July 18, 2014 5:38 pm

‘The Mill’, Sunday, 8pm, C4

Sope Disiru plays Peter Gardener in historical drama ‘The Mill'

Sope Disiru plays Peter Gardener in historical drama ‘The Mill’

The first series of C4’s The Mill was a dour combination of educational broadcasting, soapy dynastic saga and miserabilist melodrama not too smoothly blended. The second series, starting on Sunday (8pm), looks as if it has the mixture just right. Complete with a fair sprinkling of historical figures connected with the setting, Quarry Mill, the historical background is confidently revealed in unlaboured conversations between the characters – nifty résumés of the Corn Laws, the reparations to slaveowners after abolition, reference to the Tolpuddle martyrs, new measures aimed at helping the impoverished but often oppressing them with rigid new restrictions. Parallels and contrasts are brought out with a sardonic wink to the viewer – “I know it’s grim down south,” says a northern millworker to dispossessed agricultural workers, the wretched new economic migrants.

Daniel (Matthew McNulty) still combines his post as the mill’s mechanical genius with his union work, a foot uneasily in both labour and management camps. Class solidarity is hard to come by, and one of the series’ strengths is that black and white, villain and hero, often blur into an ambiguous grey of divided sympathies, conflicting loyalties, conscience versus self-interest.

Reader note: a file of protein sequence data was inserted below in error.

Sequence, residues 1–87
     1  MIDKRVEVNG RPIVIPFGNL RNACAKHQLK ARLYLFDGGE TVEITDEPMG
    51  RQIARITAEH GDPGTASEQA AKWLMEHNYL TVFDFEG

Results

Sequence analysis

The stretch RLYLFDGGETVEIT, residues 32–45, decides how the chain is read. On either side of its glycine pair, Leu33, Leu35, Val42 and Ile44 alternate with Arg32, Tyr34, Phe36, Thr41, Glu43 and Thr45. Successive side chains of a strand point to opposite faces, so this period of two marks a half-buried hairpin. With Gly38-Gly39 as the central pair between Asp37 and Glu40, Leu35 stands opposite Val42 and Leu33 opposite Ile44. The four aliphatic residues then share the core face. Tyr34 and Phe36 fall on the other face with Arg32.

Dickens’s reassuring picture of ultimately triumphant middle-class virtues, aimed at just such a public seems uncomfortably unconvincing. The production avoids heritage picturesqueness. It has an occasionally claustrophobic authenticity: dark buildings, struggling people, bleak surroundings. The sense of social and economic change is well caught: the passionate belief in technical advances to solve all ills, expanding horizons combined with the uncertainty about outsiders (a freed slave provokes mixed reactions). Kerrie Hayes as the spirited millgirl with her own mind and iron will is tough, feisty and mischievous rather than conventionally charming; but one suspects charm from any quarter, masters or workers, was in short supply at Quarry Mill. Great things were afoot and Britain was changing into something unrecognisable. The new series catches the excitement and the pains.


Copyright The Financial Times Limited 2014. You may share using our article tools.
Please don't cut articles from FT.com and redistribute by email or post to the web.

Life & Arts on Twitter

More FT Twitter accounts
 
SHARE THIS QUOTE